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Then trust me, I know cats, and have been on every model made from Shuttleworth, Atlantic, to the more common production boats for over 15 years. You can stop your search with PDQ 44. There are more performance boats on the market, but their amenities stop way short of PDQ, and there are more Condomoran boats, but they don't have the thoughtful fixtures that PDQ does (italian lighting, wonderful galley storage, etc) and are meant almost exclusively for charter, despite some superficial restructuring of fiberglass. PDQ is one of the few that was never intended for a charter, it's exclusively designed for an owner, but is not a more of a bare necessities performance boats of an Atlantic, Shuttleworth, or Outremer. Don't get me wrong, the performance boats ARE great boats, but in the world of compromise of comfort versus speed, they move strongly to speed. I'd think of throwing in Dolphin as well, but they are a galley up model, and for a live-aboard boat with entertaining and business as a primary goal, there's no point to having half of your main room in the catamaran (bridgedeck cabin) taken up by the galley.
I second what schoonerdog wrote about the PDQ/Antares 44i. 700k budget is only 100k or so short of the new one, and there should be a few recent builds in the market in good shape.
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Old 29-07-2010, 10:41   #26
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I second what schoonerdog wrote about the PDQ/Antares 44i. 700k budget is only 100k or so short of the new one, and there should be a few recent builds in the market in good shape.
Wait just a gal darn minute here....you can't second it, you have to third it, I already seconded it in my post #9. Jeeze, guys tryin to rob my seconding it......the nerve
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Old 29-07-2010, 10:44   #27
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Thoughtful fixtures? What do they think? Italian lighting? Just for the record my A42 has Italian lighting (gold electro-plated at that). I'm not sure if our galley storage is "wonderful" (I've yet to see any galley storage that filled me with wonder) but there is plenty of it, it is accessible and it looks pretty good. Did you have anything beyond the cosmetic fluff and your favorite performance compromise to recommend the PDQ? Nothing against the PDQ. It is a nice design generally well executed. But you sound like a salesman. There is a world of good boats out there. And, lets face it with a 700K budget you could do a lot better than any production 44 footer.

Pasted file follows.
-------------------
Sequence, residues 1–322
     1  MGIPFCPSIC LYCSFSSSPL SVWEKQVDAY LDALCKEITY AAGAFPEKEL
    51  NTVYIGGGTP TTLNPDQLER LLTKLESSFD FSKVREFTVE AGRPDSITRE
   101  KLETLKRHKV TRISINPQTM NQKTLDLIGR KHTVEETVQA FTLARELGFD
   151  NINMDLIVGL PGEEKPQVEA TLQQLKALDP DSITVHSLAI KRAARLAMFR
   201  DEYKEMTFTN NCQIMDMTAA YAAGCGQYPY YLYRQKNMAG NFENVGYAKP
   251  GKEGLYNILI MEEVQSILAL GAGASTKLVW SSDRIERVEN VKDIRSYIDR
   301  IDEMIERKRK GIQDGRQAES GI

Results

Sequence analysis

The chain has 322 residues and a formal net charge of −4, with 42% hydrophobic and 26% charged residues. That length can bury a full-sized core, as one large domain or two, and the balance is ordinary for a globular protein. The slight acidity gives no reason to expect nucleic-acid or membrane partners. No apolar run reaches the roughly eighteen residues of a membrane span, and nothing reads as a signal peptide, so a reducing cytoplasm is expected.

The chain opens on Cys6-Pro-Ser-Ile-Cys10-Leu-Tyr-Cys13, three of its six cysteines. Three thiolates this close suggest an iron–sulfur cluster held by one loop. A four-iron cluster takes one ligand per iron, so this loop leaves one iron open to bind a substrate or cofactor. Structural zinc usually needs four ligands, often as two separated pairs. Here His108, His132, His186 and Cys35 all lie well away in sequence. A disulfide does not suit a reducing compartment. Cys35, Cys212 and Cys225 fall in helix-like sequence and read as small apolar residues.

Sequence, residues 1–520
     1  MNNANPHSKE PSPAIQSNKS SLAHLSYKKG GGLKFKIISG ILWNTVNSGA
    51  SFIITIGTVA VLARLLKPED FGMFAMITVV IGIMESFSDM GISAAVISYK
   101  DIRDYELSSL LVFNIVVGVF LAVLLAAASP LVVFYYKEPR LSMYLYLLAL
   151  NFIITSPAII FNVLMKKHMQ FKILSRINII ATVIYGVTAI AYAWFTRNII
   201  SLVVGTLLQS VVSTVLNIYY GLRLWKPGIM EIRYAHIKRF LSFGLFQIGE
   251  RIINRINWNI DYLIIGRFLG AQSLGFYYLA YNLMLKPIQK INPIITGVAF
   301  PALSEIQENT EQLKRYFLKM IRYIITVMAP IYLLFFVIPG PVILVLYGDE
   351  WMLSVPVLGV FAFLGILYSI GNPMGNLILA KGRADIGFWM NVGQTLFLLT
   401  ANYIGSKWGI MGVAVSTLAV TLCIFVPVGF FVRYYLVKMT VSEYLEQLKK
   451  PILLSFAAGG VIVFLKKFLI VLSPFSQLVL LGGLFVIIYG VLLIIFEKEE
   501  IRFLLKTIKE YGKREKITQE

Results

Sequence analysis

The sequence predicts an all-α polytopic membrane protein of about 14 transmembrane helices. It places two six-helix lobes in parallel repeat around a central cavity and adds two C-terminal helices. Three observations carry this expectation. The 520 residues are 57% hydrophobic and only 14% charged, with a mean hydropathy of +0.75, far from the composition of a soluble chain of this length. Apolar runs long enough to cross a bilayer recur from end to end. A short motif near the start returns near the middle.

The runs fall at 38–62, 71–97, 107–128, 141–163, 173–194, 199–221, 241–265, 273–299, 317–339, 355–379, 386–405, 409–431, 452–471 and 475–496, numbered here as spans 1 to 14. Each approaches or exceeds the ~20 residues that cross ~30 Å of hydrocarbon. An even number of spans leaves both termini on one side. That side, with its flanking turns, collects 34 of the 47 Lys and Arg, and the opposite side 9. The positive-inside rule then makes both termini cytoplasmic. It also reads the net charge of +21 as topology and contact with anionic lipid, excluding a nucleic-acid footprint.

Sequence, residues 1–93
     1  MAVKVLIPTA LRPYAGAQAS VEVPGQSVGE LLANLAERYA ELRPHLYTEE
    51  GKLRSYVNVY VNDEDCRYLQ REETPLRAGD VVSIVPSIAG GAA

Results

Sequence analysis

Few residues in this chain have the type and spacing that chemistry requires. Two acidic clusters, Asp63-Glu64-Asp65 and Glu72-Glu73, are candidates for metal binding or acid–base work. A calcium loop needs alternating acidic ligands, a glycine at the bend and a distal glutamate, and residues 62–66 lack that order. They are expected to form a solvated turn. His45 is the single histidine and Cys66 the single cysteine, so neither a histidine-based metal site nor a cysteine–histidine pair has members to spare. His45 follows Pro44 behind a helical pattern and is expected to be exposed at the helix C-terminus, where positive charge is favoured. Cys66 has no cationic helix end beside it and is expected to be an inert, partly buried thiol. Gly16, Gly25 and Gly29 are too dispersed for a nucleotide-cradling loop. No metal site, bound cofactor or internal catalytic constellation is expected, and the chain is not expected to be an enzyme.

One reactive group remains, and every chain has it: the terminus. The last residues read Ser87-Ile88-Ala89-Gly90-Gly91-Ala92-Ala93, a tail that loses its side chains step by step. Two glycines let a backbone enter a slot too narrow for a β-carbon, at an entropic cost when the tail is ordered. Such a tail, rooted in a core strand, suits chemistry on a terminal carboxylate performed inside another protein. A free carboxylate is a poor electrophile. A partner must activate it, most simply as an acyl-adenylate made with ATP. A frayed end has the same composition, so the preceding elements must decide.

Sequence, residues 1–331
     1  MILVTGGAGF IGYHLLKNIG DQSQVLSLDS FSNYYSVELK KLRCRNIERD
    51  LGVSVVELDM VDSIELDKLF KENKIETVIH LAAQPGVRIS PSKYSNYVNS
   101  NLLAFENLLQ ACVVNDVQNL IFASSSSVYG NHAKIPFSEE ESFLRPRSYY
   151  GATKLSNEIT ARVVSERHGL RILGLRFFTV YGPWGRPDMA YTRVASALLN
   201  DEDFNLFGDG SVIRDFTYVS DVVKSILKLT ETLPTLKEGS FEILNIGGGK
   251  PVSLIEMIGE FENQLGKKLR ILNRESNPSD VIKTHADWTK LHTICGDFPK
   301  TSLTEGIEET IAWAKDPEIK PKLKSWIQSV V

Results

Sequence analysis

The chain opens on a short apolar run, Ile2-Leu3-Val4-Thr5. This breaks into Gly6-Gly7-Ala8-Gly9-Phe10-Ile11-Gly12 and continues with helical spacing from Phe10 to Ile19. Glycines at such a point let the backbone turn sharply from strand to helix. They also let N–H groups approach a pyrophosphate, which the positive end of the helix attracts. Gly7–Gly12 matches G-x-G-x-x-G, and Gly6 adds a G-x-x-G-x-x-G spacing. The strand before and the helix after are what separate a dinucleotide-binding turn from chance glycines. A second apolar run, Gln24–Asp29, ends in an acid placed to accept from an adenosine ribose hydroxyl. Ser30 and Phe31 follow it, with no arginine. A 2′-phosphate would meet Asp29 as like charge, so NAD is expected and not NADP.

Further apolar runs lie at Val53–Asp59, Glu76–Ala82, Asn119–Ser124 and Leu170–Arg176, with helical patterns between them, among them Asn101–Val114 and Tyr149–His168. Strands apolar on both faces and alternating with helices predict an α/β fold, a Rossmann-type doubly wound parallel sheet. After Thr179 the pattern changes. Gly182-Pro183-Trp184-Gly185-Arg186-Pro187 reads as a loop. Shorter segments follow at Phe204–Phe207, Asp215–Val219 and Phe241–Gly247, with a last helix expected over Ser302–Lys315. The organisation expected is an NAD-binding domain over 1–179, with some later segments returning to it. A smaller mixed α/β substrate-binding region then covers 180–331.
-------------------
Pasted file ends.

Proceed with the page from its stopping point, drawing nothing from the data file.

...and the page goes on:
Tom
well, maybe what he meant with thoughtful fixtures was not cosmetic stuff alone. we've been looking for something in that range, with similar expectations for a long time, and the 44i ranks very high because of things like location of engines, shaft drive, the way lines are managed to the cockpit, etc. and the definition of a "production" cat is somewhat a gray area in this case, i think. fp/lagoon/rc production is truly industrial on a large scale, while old pdq/new antares and a few others like it (st. francis for example) are small enough that owner involvement during the building process seems much more welcome/possible.
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Old 29-07-2010, 10:45   #28
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Wait just a gal darn minute here....you can't second it, you have to third it, I already seconded it in my post #9. Jeeze, guys tryin to rob my seconding it......the nerve
LOL. Ok, then, I'm "thirding" it!

By the way, for the 700k price range, I saw some really nice looking (one is owner's version -not chartered they say) FP Marquises 56s out there, too.
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Old 31-07-2010, 10:56   #29
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Hey WhataWorld. Why are you looking at the Lagoon 440 (you know it is being replaced by the Lagoon 450?), and not the Lagoon 400?

I have sailed on many boats, and will complete my RYA Yachtmaster over Christmas. How ever I have never lived on a boat for longer than 2 weeks at a time. While I think I have the a good idea of what I need and what I like, I still think that instead of going for what I could afford, I should look at going what is sensible. For solo-sailing why is a Lagoon 440 better than a 400? Is the little bit of extra space really worth the markup?

To be honest I have a feeling that no matter what boat I end up with, none will be perfect. Maybe after 1-2 years cruising and full time living aboard I will really understand what I need and want. So instead of going all out on the first boat, my logic is to buy something I can easily afford and eventually upgrade or significantly modify 1-2 years later. So I want a boat that has decent re-sale market and is good enough for the beginning.
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Old 31-07-2010, 14:06   #30
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... I have a feeling that no matter what boat I end up with, none will be perfect. Maybe after 1-2 years cruising and full time living aboard I will really understand what I need and want. So instead of going all out on the first boat, my logic is to buy something I can easily afford and eventually upgrade or significantly modify 1-2 years later. So I want a boat that has decent re-sale market and is good enough for the beginning.
Seems a pretty reasonable approach, to me.